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Peterson’s Point Lake Lodge: A 'reel' BIG experience

Truly divine lake fishing at Peterson's Point Lake Lodge in the Northwest Territories

Peterson’s Point Lake Lodge: A 'reel' BIG experience

A story from Peterson's Point Lake Lodge:

When he cast into the clear waters of Point Lake, Conrad Pilon probably didn’t expect to remain on the other end of that line for the next five hours. With Lake Trout clearing 40 pounds easily, some can put up a good fight – Pilon’s certainly did.

He played that fish for hours with the help of his guide until the rod broke, followed soon after by the line.

So, there was nothing to do but book another trip back to Peterson’s Point Lake Lodge to take another run at it. And he did.

The pristine waters of Point Lake are a lake fishing heaven in the Northwest Territories

Built from the bottom up 34 years ago on the edge of the Northwest Territories Barrenlands, Peterson’s Point Lake Lodge is a family-owned and operated business that brings guests back year after year – and for many more years after that. George Kimmel first visited the lodge in 1989 with his father. For them, it was the amazing wildlife viewing that stood out in those first few visits.

We saw caribou, moose, grizzly bear, wolf, wolverine and many species of birds. We fell in love with the pristine beauty of the Barrens. It is really an experience being in true wilderness where there are no roads and the only humans you encounter are your fellow fishermen and lodge staff.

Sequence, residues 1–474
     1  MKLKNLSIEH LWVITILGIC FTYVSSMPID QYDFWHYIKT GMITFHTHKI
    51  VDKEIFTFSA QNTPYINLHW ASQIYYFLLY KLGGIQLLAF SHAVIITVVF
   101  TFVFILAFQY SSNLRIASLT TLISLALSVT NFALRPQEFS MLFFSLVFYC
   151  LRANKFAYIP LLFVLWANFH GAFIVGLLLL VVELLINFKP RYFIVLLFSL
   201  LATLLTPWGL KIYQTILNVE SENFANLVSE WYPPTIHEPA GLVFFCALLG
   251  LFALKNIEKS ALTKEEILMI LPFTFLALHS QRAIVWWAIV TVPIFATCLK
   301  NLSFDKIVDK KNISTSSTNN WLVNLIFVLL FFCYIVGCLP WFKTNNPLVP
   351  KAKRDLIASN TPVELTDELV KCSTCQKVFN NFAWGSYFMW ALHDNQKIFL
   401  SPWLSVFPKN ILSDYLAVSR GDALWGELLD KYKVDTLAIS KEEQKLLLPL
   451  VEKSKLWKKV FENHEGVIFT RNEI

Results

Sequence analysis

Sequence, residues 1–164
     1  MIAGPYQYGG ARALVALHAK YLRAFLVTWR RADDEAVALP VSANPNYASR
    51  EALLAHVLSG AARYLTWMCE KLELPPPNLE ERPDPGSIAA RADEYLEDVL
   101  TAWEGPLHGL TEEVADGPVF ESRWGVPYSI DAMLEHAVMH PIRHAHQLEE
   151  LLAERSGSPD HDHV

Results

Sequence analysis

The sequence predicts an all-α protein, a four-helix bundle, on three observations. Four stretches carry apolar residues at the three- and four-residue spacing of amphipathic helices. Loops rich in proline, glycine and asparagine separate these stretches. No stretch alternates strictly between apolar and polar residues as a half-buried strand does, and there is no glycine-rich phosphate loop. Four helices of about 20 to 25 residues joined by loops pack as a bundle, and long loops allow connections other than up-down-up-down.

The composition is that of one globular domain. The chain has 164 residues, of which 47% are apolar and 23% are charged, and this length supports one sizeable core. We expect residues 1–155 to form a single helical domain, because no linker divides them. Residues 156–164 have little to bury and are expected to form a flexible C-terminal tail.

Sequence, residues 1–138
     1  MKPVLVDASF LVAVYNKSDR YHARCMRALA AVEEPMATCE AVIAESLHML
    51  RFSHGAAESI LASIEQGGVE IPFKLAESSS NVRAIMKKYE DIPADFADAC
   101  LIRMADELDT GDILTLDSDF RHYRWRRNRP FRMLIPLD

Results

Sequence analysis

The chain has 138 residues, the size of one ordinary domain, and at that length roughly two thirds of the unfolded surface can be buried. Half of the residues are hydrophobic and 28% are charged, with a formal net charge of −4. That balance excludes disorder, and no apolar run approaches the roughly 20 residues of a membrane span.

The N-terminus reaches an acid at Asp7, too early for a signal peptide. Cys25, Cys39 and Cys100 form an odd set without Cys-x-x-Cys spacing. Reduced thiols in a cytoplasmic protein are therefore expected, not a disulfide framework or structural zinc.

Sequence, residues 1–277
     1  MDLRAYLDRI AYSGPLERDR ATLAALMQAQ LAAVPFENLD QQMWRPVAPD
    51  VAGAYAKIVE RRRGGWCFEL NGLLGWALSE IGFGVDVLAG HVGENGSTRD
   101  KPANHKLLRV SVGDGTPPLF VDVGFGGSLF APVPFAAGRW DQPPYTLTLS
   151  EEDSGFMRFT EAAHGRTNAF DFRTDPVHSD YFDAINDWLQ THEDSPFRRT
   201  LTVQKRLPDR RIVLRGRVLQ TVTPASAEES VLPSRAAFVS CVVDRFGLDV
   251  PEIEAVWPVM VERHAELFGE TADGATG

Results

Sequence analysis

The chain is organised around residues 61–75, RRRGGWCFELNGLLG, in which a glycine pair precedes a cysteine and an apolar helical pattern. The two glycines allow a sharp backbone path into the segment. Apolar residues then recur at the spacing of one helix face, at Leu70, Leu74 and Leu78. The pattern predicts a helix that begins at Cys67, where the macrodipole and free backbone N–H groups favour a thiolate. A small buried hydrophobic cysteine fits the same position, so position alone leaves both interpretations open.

As well as the sights on land, the size and number of Lake Trout they were able to catch brought the father-son duo back regularly. After his father’s passing a few years back, George still makes his way to the lodge to indulge in some freshly caught Lake Trout. And how could he not return when the Petersons treated both him and his elderly father like family from the beginning?

“We really emphasize quality,” says owner Margaret Peterson. “We don’t take a lot of people, typically we’ll will have around 10 people max – we can accommodate a few more but our groups are generally small.”

a sign welcoming you to Peterson's Point Lake Lodge

The small group-sizes allow for staffing ratios of one guide to every two guests, ensuring a quality experience and significant attention for every person on the trip. It also means that trips to the lodge can be catered to each group – it’s choose-your-own-adventure, with all of the provisions.

One group of connoisseurs plans ahead with the Petersons to pair their menu with choice wines, and makes sure to really soak in every shore lunch – a daily staple of a fishing trip at the lodge. One of the guests, Steve Cohen, even prefers to do a share of the cooking, frying up the shore lunches every day with the help of the guides.

Because of the numbers, the timing of when you’re going to fish and come in for dinner is very flexible. It’s a small group, so they work around us. They’re very accommodating in the sense that I can have the run of whatever they’ve got in terms of supplies to do the shore lunches. They’re really lots of fun and we bring wine, and beer too, but it’s less important than the wine.

Making the experience work for the guests is their goal at Peterson’s Point Lake Lodge – whatever the guests’ requirements. About an hour-and-a-half flight from Yellowknife, the lodge has four separate cabins offering different suites, both shared and independent. There’s a lounge area where guests relax and recall the full days of fish and food, and a shower house and sauna for added luxury.